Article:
In the movie Blockers, when three parents stumble upon their daughters’ pact to lose their virginity at prom, who have created a ‘sex pact,’ they launch a covert one-night operation to stop the teens from sealing the deal. Leslie Mann, Ike Barinholtz and John Cena team up as the three parents in Blockers, the directorial debut of Kay Cannon (writer of the Pitch Perfect series).
It’s really the parents who take center stage in this raunchy and hilarious R-Rated comedy, unlike the kids who usually steal the spotlight in similar themed films; think the American Pie franchise.
The three high school girls (Kathryn Newton, Geraldine Viswanathan and Gideon Adlon) are initially shown meeting as adorable kindergarteners, before jumping ahead where we find them preparing for prom night, and jumping on the idea of sharing the big sex moment as a kind of anniversary. (One is actually wrestling with coming out as a lesbian, and that adds a nice touch to the proceedings.)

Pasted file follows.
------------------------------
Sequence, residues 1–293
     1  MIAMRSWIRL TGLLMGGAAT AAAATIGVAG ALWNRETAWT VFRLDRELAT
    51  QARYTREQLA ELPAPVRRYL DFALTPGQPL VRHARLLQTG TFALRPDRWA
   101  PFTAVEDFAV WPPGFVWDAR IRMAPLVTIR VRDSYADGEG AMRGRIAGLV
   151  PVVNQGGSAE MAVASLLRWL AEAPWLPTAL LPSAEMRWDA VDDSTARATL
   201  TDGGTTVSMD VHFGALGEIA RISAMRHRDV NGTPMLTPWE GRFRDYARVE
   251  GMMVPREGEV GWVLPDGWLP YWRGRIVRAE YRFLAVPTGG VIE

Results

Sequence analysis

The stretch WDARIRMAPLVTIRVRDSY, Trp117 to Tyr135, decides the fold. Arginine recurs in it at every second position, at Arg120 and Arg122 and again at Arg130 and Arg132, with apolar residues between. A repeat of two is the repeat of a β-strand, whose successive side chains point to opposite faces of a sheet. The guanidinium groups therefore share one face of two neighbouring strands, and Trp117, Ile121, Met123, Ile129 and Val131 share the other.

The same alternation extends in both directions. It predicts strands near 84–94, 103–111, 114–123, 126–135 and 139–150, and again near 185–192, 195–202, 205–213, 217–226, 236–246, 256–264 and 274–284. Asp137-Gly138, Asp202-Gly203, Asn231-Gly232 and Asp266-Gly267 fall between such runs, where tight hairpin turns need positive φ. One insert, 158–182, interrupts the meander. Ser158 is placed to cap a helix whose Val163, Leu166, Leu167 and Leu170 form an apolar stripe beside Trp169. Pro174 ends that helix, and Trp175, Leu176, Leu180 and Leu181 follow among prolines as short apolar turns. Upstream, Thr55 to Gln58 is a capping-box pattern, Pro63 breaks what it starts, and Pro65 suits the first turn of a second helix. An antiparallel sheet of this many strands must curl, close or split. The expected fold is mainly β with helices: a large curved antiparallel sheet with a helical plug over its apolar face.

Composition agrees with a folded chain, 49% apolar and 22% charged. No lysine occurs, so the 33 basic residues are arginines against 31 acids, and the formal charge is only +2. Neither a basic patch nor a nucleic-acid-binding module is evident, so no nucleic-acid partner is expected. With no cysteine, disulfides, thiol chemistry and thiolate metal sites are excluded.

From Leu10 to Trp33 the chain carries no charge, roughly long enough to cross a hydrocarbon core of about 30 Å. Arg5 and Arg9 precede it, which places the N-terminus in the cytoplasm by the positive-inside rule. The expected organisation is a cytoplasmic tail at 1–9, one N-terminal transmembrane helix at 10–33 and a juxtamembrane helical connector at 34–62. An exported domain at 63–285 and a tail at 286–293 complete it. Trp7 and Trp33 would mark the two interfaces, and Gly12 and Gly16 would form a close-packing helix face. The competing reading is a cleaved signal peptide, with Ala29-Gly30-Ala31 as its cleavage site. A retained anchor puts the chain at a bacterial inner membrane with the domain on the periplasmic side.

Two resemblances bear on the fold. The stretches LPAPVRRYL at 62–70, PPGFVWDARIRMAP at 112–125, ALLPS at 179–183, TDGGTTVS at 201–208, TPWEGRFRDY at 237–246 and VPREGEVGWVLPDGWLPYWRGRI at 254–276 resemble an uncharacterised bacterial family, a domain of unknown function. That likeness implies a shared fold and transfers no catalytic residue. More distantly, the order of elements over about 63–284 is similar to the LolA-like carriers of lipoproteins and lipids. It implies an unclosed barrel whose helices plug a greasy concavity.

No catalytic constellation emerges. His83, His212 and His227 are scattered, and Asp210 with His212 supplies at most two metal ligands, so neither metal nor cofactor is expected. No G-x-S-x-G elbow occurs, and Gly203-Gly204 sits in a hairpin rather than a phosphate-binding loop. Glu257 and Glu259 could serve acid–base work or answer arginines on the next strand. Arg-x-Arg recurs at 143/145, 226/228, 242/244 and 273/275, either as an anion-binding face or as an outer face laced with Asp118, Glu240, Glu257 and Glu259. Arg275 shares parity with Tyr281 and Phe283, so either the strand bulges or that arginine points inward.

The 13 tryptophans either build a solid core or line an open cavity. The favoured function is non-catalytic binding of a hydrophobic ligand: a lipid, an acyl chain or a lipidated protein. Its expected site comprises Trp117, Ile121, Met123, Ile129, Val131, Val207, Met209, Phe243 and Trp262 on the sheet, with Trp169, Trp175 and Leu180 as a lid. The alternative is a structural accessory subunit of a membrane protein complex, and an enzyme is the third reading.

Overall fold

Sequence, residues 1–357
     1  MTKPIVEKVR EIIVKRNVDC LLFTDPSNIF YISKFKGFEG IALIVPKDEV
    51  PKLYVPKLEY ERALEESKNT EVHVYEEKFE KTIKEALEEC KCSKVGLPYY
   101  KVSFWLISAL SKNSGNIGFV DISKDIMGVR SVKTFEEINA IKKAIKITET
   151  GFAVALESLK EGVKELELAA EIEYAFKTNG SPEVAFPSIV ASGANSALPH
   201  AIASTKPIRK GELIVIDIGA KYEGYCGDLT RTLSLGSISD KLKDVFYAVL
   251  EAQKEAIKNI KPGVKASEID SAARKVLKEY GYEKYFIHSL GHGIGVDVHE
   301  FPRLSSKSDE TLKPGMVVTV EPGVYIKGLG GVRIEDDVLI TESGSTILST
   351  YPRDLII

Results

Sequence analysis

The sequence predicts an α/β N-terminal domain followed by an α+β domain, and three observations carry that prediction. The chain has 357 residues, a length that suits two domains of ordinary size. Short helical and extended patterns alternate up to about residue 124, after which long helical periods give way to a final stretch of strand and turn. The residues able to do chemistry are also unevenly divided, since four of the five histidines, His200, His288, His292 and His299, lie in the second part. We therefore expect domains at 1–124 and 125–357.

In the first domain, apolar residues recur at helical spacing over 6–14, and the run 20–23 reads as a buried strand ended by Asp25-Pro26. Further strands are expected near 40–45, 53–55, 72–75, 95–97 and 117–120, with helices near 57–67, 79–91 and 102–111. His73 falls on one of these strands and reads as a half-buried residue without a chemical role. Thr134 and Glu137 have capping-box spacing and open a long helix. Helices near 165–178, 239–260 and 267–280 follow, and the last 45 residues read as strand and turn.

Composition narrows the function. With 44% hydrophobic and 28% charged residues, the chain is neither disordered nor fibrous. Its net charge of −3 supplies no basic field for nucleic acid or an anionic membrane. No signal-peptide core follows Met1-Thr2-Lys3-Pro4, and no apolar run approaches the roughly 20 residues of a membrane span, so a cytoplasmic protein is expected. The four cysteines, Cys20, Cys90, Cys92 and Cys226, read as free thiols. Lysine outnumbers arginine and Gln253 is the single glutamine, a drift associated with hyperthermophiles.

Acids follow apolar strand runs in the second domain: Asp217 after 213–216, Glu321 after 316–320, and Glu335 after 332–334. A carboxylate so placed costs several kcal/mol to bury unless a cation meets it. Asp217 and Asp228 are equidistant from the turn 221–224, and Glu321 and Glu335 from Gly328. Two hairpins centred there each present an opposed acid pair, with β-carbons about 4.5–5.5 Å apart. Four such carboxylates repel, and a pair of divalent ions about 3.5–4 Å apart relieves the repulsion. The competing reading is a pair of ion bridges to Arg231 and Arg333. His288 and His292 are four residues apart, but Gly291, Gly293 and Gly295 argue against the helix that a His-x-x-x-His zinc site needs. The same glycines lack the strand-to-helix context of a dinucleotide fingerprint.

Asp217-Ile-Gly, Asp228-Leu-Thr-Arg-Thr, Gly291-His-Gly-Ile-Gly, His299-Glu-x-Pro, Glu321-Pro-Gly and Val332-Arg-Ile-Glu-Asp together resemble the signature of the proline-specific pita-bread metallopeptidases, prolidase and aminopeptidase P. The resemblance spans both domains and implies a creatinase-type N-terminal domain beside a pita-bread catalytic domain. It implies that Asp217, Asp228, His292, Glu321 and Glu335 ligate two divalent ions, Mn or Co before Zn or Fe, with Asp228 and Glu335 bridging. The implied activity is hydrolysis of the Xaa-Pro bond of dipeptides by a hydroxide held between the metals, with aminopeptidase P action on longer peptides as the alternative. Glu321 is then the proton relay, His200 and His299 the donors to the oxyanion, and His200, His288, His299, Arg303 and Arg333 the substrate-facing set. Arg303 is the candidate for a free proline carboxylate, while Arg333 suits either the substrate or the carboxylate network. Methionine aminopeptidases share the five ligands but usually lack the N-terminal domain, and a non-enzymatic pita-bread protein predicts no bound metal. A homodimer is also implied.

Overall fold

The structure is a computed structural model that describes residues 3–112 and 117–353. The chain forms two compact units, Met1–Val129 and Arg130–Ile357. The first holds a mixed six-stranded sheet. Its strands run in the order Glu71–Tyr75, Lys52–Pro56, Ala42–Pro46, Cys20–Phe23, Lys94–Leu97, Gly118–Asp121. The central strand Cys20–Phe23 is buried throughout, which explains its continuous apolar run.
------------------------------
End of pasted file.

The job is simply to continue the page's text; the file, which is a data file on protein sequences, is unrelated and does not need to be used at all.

Inevitably, their respective parents — all helicopter parents – single mom Lisa (Leslie Mann), tear-prone dad Mitchell (John Cena) and divorced dad/perpetual screw-up Hunter (Ike Barinholtz) — get wind of the scheme, with the first two hell-bent on interceding, while the third — having become distant from his kid since the split — tagging along without endorsing the idea of trying to stop them.
The raunchiness of the the film is part of the fun. In a completely unexpected turn, Gary Cole, (Mike Brady in The Brady Bunch big screen movies), goes full frontal while chasing his wife, Gina Gershon, around the house in a game of sex cat and mouse taken to a whole new laugh-out-loud level. They’re the type of modern parents that share their sex lives stories with their son, one of the boys who plan on deflowering one of the girls who have made the pact to lose their virginity.
What Blockers does, especially in the final scene, is show that the kids are much more mature than their parents and have taught them how to grow up by teaching them a hilarious lesson.
Blockers Review by Tim Nasson